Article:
While Russia struggles with Soyuz, SpaceX maintains its manned flight to the ISS

SpaceX Crew-6

SpaceX and NASA maintain their flight schedule to and from the ISS, despite the setbacks of the Soyuz MS-22 capsule. On the Russian side, however, the calendar is turned upside down.

Act as if nothing had happened. Neither SpaceX nor the US space agency intends to deprogram their next manned flight to the International Space Station (ISS). The two partners are still aiming for the Crew-6 mission to depart at the end of February 2023. On January 25, press briefings will take place to discuss the upcoming flight more generally.

The two partners are obviously not unaware that, on the Russian side, the very last weeks have been turned upside down with the setbacks of the Soyuz MS-22 capsule. Hit from the outside, probably by a debris or a micro-meteorite, it is considered unusable to convey a crew. In fact, the Russian planning of manned flights is disrupted.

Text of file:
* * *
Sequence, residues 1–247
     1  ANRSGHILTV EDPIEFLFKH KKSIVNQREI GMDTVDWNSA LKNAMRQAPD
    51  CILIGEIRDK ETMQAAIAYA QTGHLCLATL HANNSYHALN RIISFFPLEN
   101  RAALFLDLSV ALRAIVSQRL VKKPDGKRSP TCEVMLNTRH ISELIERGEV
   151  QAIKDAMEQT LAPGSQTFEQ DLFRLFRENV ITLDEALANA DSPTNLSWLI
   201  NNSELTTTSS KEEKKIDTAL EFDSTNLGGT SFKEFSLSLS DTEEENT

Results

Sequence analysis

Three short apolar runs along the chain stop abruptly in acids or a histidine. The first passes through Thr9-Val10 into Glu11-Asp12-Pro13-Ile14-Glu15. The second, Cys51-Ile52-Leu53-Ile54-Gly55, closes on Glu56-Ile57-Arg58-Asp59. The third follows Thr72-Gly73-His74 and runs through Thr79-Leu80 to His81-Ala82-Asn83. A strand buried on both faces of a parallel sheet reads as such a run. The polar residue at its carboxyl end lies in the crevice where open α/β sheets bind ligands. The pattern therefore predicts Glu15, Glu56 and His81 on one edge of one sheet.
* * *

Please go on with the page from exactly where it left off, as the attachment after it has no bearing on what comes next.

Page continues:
In mid-January, NASA and its Russian counterpart, Roscosmos, took stock of the situation. It was decided not to use it to repatriate the three passengers initially planned (the Russians Sergei Prokopiev and Dimitri Peteline and the American Frank Rubio). This capsule will soon be separated from the ISS and will return to Earth, without anyone on board, but perhaps with freight.

Crew-6 SpaceX

Crew-6 SpaceX

Unchanged schedule for SpaceX and NASA

The International Space Station has enough entry points to accommodate up to six capsules or freighters simultaneously.

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